Diarrhoea-causing bacteria in human gut produces electricity – study

Diarrhoea-causing bacteria in human gut produces electricity – study

- in Health, News

Bacteria that live in the human gut and can cause diarrhoea produce electricity, a study has found.

The bug Listeria monocytogenes, which can also lead to miscarriages, produces an electrical current when it removes waste products from its cells.

Hundreds of other bacteria, including those that cause gangrene and hospital infections, as well as bugs involved in fermenting yoghurt, also create ‘sparks’.

Researchers believe these bacteria could create ‘living batteries’, which may lead to electricity being generated from bugs in sewage plants.

Researchers from the University of California, Berkeley, measured the electrical current that comes off Listeria monocytogenes.

Results, published in the journal Nature, suggest the bug gives off just as much electricity as other bacteria that are known to trigger electrical currents.

Study author Professor Dan Portnoy said: ‘The fact that so many bugs that interact with humans, either as pathogens or in probiotics or in our microbiota or involved in fermentation of human products, are electrogenic – that had been missed before.

‘It could tell us a lot about how these bacteria infect us or help us have a healthy gut.’

Certain bacteria generate electricity to remove waste electrons, which make up atom particles, as well as to boost their energy production.

This involves the bugs transferring electrons outside of their cells, which triggers an electrical current that carries the particles.

Some scientists have made a battery by sticking an electrical conductor in a flask of bacteria to generate electricity.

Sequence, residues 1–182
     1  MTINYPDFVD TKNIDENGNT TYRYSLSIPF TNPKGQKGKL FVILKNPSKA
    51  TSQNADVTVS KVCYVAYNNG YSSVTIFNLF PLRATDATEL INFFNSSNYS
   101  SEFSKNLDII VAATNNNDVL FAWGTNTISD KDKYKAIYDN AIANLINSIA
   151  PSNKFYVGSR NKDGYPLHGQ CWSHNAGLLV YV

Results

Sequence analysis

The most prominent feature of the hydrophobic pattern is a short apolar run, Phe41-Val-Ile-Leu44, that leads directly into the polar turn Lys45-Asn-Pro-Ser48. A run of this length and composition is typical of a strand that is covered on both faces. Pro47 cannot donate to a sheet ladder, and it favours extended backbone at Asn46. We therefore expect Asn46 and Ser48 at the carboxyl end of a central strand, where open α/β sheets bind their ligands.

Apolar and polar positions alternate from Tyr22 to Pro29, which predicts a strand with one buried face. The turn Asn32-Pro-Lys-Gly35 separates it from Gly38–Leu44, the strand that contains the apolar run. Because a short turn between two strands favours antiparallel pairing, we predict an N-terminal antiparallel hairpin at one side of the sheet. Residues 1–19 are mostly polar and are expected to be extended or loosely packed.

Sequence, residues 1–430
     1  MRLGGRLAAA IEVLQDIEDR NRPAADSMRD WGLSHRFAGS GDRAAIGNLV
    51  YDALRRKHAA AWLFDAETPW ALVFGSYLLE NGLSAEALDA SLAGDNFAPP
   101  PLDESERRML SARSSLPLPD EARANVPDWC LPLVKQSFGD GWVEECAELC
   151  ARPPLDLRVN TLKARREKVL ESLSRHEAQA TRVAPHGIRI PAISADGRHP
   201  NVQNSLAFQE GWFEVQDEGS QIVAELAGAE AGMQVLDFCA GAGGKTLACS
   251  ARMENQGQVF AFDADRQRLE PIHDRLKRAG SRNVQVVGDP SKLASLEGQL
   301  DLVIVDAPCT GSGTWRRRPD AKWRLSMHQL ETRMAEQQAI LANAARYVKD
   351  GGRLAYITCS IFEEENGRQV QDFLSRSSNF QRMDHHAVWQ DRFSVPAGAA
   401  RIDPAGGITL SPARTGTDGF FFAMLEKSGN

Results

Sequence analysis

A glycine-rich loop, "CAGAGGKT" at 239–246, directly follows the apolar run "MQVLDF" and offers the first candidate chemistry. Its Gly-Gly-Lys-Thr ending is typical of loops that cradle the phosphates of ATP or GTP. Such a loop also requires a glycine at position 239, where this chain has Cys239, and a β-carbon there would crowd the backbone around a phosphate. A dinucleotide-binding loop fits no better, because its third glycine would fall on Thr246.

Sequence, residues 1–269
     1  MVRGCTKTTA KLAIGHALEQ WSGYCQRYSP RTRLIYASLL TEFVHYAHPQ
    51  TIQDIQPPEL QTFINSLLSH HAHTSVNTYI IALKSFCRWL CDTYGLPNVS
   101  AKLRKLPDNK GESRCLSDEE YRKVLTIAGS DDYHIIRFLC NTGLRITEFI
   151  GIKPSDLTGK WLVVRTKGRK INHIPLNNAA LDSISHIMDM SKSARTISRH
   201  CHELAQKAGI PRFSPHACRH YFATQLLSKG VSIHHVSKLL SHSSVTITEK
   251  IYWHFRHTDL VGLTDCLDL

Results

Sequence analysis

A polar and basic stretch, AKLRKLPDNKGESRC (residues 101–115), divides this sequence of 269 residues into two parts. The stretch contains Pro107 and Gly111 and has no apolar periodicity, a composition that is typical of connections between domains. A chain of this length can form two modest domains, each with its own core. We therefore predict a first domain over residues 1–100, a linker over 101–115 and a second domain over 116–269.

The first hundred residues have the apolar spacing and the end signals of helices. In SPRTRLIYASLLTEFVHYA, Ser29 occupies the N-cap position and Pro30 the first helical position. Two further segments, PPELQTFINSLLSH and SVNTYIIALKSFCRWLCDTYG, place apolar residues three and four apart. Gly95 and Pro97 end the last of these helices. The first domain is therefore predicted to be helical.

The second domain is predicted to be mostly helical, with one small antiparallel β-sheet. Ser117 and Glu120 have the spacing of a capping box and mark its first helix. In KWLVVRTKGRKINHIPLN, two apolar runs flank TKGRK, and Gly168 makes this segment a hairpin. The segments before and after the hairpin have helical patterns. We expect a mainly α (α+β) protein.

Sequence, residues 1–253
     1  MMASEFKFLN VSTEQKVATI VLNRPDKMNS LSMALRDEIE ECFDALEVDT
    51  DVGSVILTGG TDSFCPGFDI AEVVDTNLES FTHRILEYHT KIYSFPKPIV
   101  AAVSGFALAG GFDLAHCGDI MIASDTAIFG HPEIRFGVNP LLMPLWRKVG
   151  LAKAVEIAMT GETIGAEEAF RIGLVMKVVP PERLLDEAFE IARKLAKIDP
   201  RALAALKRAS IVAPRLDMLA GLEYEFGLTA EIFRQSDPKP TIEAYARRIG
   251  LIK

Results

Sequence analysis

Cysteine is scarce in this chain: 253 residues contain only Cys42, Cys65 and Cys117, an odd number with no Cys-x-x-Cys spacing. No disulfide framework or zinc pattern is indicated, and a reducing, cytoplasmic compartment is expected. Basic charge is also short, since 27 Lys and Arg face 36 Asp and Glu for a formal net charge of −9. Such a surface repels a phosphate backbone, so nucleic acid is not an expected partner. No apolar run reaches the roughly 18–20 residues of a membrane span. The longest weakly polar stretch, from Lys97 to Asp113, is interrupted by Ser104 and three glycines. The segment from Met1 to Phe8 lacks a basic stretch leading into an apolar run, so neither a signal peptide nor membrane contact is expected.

Many bacteria appear to only generate electricity when they need to, such as when their oxygen levels are low. If this process could be manipulated, it could be used to ferment food like sauerkraut and manufacture probiotics, according to the scientists.

This comes after a completely new species of bacteria was discovered by scientists in a 64-year-old man from Cornwall yesterday.

The unnamed patient went to his doctor with cellulitis, which is a common infection that can turn skin red, swollen and hot-to-touch.

Lab tests revealed the bacteria responsible had never been documented before but was similar to others.

Researchers called the new strain of Staph infection cornubiensis, after the medieval name for the historic English county of Cornwall.

They believe it is part of a group of bacteria known as staphylococcus SIG, which are usually passed to humans from pet dogs.

It is unclear whether the patient owned a dog or had come into contact with the animal before developing cellulitis.

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